In summer 2011, Biennial artist and photojournalist Nina Berman co-taught a series of hands-on photography workshops with Whitney educator Melanie Adsit for a group of veterans at the VANYHHS, a veterans’ hospital in Brooklyn, New York. The participants, twelve men and women who had served in armed conflicts in Iraq, Afghanistan, and Vietnam, had worked extensively with an art therapist at the hospital to explore the theme of identity over several months. This series of workshops represented an opportunity to experiment with a new medium and to use photography to reveal something about themselves. The group discussed images in the Whitney’s collection, explored different photographic and lighting techniques, and worked with Nina to create black and white portraits of one another. While Berman’s own work includes searing depictions of injured veterans and explores the costs of war, this project represents the first time the artist has worked collaboratively with a group of veterans to create images that told their own stories.
“There are American veterans who live amongst us. Yet, most of the time we don’t even know it. Unless they are family members, we tend not to notice them. We take it for granted that they will preserve our free society and we easily forget that without them such a society would not be possible. Often they do it at great personal expense. They take the kinds of risks and make the kinds of sacrifices that most people are unwilling or unable to do. The remarkable thing about these huge contributions is that the people who make them generally remain anonymous to the public at large. Of course, it would be impossible to imagine what it would be like if they were not there to protect our liberties.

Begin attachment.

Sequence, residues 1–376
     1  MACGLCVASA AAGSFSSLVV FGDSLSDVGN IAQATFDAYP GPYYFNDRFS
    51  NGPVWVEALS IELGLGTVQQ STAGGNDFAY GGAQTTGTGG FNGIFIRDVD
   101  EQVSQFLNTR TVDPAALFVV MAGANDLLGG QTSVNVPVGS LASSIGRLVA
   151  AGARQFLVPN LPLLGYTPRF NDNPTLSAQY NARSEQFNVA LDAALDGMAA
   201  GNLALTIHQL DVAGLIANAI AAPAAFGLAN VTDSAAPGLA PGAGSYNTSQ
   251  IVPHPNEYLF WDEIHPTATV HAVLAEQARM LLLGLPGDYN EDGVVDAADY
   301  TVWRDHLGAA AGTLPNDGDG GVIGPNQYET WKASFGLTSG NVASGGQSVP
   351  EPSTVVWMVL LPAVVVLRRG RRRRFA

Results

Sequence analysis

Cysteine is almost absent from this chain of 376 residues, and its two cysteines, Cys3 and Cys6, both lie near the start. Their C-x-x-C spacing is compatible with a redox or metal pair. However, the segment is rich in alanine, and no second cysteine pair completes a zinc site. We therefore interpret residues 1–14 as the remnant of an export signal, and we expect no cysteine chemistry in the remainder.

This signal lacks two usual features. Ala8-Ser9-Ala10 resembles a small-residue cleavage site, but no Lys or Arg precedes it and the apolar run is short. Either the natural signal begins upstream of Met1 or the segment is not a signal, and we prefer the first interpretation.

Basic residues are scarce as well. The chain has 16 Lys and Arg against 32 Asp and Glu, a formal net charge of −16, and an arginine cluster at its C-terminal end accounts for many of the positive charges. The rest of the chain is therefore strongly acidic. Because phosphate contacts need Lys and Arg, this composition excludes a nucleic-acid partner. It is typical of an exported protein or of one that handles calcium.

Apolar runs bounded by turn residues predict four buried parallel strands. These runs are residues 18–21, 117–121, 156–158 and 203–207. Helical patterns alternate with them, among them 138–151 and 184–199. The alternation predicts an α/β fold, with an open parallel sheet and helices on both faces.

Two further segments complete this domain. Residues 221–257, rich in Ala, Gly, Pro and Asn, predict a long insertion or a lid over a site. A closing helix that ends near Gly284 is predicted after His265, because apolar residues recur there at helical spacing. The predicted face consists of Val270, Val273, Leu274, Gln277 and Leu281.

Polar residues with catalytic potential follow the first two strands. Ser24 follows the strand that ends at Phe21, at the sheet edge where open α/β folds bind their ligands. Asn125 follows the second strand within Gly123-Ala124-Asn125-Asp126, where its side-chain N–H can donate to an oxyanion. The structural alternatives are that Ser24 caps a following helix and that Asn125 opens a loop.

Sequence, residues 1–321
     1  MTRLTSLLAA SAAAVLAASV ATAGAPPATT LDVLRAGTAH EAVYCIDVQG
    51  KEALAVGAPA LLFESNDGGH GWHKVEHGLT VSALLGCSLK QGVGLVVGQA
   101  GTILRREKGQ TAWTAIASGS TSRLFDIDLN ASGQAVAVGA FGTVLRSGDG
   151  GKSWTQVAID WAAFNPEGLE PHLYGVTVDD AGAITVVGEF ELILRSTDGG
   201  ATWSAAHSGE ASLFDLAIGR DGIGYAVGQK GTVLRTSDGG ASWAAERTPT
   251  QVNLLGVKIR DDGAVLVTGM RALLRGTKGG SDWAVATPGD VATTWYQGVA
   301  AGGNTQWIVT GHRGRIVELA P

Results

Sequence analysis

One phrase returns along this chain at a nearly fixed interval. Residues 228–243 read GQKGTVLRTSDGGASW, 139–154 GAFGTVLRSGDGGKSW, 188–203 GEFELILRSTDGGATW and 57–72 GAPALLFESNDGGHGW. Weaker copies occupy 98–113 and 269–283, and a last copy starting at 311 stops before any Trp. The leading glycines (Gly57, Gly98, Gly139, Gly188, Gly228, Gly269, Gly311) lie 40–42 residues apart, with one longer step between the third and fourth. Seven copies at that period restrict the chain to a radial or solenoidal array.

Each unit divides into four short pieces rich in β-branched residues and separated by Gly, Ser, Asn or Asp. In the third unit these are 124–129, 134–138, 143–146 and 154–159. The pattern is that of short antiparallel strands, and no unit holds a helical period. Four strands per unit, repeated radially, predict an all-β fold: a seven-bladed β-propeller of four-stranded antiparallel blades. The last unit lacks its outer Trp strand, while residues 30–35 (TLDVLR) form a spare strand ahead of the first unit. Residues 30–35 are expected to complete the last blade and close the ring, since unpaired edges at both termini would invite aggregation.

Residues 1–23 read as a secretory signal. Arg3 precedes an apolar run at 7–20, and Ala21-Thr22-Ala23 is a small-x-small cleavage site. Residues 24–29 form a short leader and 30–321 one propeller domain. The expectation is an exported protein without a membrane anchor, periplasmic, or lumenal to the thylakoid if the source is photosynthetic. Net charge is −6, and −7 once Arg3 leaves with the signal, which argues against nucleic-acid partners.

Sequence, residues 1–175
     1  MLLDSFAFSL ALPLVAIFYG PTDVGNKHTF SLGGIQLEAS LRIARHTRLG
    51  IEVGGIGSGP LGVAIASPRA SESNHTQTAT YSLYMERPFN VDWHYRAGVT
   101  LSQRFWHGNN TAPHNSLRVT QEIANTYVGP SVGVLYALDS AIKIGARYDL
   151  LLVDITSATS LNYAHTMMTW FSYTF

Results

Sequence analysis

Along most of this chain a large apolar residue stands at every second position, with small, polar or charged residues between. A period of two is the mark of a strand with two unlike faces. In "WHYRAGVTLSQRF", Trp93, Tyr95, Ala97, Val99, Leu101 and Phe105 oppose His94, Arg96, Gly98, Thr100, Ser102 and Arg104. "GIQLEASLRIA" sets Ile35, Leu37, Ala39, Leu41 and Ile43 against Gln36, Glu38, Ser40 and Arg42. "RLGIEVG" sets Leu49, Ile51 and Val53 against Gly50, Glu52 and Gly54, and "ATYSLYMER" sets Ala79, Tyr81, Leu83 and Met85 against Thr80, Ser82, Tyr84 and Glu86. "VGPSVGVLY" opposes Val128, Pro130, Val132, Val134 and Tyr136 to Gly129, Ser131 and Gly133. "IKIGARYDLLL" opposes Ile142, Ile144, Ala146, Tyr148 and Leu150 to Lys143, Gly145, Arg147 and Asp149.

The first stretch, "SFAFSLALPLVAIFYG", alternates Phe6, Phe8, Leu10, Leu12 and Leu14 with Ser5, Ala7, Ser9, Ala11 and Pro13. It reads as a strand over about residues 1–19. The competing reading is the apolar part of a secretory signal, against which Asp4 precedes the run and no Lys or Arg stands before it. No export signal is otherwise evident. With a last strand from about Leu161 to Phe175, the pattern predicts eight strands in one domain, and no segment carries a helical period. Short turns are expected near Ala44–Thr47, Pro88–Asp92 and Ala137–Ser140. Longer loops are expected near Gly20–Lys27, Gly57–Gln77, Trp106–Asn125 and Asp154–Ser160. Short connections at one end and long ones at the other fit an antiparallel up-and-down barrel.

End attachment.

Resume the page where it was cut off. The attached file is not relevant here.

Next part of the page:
The Veteran’s Lens is a unique exhibition. It provided the veterans with a exceptional opportunity to present them as they see themselves. They enlisted fellow veterans as photographers and this helped to create an open and honest environment. When veterans get together with other veterans their own distinctive subculture becomes apparent and this usually relaxes them. The images are marvelously expressive, revealing and powerful. They are straightforward and candid; just like the veterans themselves."
Beryl Brenner, Art Therapist, VA NYHHCS
“The group surprised me at first with their level of visual sophistication. They were so articulate and honest in their opinions and perceptions, not just about their own images, but in their analysis of other photographs. Seeing them hold and aim a camera, which is a kind of scope, made me realize that photography can be an ideal medium for veterans seeking to embrace life and express themselves after the experience of war.”
Read the veterans’ thoughts about their work.